Nuclear envelope impairment is facilitated by the herpes simplex virus 1 Us3 kinase

Peter Wild, Sabine Leisinger, Anna Paula de Oliveira, Jana Doehner, Elisabeth M. Schraner, Cornel Fraevel, Mathias Ackermann, Andres Kaech

Research output: Contribution to journalArticlepeer-review

4 Scopus citations

Abstract

Background: Capsids of herpes simplex virus 1 (HSV-1) are assembled in the nucleus, translocated either to the perinuclear space by budding at the inner nuclear membrane acquiring tegument and envelope, or released to the cytosol in a “naked” state via impaired nuclear pores that finally results in impairment of the nuclear envelope. The Us3 gene encodes a protein acting as a kinase, which is responsible for phosphorylation of numerous viral and cellular substrates. The Us3 kinase plays a crucial role in nucleus to cytoplasm capsid translocation. We thus investigate the nuclear surface in order to evaluate the significance of Us3 in maintenance of the nuclear envelope during HSV-1 infection. Methods: To address alterations of the nuclear envelope and capsid nucleus to cytoplasm translocation related to the function of the Us3 kinase we investigated cells infected with wild type HSV-1 or the Us3 deletion mutant R7041(∆Us3) by transmission electron microscopy, focused ion-beam electron scanning microscopy, cryo-field emission scanning electron microscopy, confocal super resolution light microscopy, and polyacrylamide gel electrophoresis. Results: Confocal super resolution microscopy and cryo-field emission scanning electron microscopy revealed decrement in pore numbers in infected cells. Number and degree of pore impairment was significantly reduced after infection with R7041(∆Us3) compared to infection with wild type HSV-1. The nuclear surface was significantly enlarged in cells infected with any of the viruses. Morphometric analysis revealed that additional nuclear membranes were produced forming multiple folds and caveolae, in which virions accumulated as documented by three-dimensional reconstruction after ion-beam scanning electron microscopy. Finally, significantly more R7041(∆Us3) capsids were retained in the nucleus than wild-type capsids whereas the number of R7041(∆Us3) capsids in the cytosol was significantly lower. Conclusions: The data indicate that Us3 kinase is involved in facilitation of nuclear pore impairment and, concomitantly, in capsid release through impaired nuclear envelope.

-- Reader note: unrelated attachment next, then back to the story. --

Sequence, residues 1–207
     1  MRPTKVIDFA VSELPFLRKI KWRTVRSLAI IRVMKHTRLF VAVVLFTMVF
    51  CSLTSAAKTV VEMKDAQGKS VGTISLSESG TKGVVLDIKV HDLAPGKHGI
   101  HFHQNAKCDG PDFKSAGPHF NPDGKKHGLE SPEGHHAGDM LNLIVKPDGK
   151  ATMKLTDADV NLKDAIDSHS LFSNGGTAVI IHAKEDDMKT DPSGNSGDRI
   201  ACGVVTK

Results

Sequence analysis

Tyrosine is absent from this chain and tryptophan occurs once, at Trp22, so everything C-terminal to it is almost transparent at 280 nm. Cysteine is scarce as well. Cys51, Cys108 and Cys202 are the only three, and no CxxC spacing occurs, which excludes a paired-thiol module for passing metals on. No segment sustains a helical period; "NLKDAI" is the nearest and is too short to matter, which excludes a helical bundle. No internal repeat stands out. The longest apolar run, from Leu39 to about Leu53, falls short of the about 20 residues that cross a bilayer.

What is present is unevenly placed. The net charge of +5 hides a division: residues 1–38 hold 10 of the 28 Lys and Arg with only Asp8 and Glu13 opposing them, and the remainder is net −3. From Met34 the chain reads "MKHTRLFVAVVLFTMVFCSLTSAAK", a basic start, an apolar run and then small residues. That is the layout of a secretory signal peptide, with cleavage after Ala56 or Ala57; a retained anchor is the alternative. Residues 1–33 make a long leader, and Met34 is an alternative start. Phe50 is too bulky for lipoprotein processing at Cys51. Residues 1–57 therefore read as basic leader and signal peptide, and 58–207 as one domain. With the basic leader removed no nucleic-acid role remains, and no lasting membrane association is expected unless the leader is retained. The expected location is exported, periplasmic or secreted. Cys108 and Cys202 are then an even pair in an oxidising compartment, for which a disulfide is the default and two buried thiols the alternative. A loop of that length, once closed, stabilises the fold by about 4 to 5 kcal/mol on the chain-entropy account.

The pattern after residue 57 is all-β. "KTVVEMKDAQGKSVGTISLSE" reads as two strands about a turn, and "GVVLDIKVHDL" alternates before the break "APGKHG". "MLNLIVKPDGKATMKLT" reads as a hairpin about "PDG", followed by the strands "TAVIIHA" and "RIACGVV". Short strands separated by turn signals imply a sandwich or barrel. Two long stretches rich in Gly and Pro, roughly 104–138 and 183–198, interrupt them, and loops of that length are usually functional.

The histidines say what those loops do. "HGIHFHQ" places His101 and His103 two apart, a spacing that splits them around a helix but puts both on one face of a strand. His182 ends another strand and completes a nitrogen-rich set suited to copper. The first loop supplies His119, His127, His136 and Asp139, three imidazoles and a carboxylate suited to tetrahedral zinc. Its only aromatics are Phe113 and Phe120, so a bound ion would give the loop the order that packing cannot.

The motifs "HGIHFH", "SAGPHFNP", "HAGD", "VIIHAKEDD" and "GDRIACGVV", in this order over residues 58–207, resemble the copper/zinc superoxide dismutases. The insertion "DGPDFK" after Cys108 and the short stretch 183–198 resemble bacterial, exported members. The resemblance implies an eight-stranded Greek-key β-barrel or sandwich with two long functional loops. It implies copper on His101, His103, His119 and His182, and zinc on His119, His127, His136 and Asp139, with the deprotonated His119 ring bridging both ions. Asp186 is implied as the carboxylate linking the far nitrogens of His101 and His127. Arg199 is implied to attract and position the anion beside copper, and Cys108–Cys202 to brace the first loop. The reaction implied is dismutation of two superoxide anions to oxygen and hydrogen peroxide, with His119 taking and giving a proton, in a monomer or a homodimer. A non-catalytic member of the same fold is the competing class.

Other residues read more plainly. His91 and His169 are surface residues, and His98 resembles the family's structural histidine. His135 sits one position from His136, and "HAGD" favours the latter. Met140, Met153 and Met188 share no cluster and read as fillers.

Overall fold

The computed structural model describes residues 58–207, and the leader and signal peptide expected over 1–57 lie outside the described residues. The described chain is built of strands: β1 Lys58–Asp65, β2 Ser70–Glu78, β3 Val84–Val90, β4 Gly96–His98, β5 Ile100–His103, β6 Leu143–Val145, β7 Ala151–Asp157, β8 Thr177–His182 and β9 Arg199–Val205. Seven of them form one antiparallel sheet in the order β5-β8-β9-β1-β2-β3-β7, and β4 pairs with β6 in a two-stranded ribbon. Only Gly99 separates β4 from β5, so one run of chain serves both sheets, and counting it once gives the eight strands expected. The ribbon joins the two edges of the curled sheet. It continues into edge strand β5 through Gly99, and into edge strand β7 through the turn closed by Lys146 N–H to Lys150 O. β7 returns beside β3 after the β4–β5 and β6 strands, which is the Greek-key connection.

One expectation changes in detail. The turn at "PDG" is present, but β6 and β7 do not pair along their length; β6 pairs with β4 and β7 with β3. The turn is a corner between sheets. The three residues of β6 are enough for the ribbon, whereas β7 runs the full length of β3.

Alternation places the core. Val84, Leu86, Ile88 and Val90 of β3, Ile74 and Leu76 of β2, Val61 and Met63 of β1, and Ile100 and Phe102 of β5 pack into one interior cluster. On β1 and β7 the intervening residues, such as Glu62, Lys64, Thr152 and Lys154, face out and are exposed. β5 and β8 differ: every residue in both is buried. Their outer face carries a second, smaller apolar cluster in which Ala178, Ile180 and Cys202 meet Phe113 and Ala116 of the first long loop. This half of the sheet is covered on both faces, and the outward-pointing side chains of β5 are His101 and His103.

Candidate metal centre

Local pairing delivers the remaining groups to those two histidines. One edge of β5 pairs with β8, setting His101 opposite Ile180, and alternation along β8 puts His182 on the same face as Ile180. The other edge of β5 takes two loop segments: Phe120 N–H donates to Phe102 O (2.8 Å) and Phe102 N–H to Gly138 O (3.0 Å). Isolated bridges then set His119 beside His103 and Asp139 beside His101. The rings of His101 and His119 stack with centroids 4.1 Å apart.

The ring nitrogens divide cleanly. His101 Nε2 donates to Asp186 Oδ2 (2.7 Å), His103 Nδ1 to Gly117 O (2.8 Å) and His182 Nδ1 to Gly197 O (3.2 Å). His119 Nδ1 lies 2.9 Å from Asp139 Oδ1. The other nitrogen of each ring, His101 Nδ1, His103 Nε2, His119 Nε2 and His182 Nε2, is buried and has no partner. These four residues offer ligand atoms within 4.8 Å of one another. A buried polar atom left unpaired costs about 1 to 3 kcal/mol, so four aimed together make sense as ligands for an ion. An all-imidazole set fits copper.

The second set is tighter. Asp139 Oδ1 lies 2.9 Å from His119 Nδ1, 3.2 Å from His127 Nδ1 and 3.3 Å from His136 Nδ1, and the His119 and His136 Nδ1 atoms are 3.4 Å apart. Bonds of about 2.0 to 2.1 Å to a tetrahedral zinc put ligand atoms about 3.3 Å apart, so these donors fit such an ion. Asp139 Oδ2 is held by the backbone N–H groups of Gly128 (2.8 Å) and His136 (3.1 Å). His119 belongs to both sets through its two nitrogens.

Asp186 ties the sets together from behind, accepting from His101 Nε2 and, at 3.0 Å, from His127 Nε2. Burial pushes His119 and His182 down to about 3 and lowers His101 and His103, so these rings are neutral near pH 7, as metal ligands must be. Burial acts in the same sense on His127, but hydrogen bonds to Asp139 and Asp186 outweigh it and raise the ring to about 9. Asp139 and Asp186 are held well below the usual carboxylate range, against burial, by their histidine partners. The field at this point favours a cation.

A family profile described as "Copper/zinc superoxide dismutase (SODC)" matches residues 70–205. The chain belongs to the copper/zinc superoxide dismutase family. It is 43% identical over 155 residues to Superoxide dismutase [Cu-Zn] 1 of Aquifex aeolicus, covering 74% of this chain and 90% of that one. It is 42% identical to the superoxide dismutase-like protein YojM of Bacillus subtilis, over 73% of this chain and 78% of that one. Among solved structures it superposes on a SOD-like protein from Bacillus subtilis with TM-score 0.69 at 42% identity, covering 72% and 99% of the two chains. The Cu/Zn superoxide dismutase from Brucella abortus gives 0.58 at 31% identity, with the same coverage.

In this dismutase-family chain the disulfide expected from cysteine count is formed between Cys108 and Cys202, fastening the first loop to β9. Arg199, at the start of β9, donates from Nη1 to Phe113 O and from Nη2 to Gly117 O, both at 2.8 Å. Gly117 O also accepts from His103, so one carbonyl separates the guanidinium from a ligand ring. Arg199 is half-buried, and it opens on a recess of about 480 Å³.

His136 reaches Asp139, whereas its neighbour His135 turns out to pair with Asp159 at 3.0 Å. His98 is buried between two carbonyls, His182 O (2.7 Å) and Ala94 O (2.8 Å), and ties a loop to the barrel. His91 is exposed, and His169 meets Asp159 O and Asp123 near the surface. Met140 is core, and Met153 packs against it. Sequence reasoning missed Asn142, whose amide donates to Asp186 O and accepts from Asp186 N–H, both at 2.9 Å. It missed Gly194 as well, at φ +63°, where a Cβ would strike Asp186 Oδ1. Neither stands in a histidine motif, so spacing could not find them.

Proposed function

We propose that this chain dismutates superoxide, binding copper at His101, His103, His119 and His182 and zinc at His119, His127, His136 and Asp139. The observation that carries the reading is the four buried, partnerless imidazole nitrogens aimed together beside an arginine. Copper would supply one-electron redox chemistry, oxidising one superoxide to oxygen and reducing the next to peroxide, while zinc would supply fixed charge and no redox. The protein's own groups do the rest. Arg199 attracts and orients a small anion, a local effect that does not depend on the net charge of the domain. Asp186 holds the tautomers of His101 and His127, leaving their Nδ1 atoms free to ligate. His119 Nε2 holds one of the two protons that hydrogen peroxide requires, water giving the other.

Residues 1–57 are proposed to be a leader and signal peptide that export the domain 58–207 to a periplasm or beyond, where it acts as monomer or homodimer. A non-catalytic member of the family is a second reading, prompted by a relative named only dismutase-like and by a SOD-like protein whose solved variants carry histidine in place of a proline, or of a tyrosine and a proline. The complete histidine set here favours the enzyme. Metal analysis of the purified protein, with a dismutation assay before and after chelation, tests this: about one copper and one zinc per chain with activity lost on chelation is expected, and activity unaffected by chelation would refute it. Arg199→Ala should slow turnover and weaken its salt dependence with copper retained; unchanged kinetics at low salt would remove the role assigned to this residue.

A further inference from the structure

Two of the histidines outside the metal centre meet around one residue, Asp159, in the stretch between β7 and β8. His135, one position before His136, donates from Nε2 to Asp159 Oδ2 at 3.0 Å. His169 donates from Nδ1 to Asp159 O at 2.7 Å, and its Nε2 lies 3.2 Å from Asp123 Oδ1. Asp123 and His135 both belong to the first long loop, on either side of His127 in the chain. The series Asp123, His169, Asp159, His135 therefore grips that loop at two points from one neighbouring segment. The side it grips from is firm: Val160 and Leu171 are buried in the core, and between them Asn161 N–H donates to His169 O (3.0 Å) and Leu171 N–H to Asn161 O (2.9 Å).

Original languageEnglish (US)
Article number198
JournalF1000Research
Volume8
DOIs
StatePublished - Feb 18 2019
Externally publishedYes

Keywords

  • Budding
  • Fusion
  • HSV-1 egress
  • Intraluminal transport
  • Nuclear envelope breakdown
  • Nuclear pores

ASJC Scopus subject areas

  • Biochemistry, Genetics and Molecular Biology(all)
  • Immunology and Microbiology(all)
  • Pharmacology, Toxicology and Pharmaceutics(all)

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